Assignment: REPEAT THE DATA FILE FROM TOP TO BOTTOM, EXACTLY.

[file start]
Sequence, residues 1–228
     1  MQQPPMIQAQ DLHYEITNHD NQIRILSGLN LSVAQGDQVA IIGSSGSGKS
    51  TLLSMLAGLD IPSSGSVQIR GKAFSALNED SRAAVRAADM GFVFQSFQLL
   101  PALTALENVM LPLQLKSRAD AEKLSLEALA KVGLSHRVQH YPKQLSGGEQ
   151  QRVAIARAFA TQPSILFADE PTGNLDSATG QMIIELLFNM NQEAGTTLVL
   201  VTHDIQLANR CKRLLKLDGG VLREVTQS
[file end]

Sequence, residues 1–228
     1  MQQPPMIQAQ DLHYEITNHD NQIRILSGLN LSVAQGDQVA IIGSSGSGKS
    51  TLLSMLAGLD IPSSGSVQIR GKAFSALNED SRAAVRAADM GFVFQSFQLL
   101  PALTALENVM LPLQLKSRAD AEKLSLEALA KVGLSHRVQH YPKQLSGGEQ
   151  QRVAIARAFA TQPSILFADE PTGNLDSATG QMIIELLFNM NQEAGTTLVL
   201  VTHDIQLANR CKRLLKLDGG VLREVTQS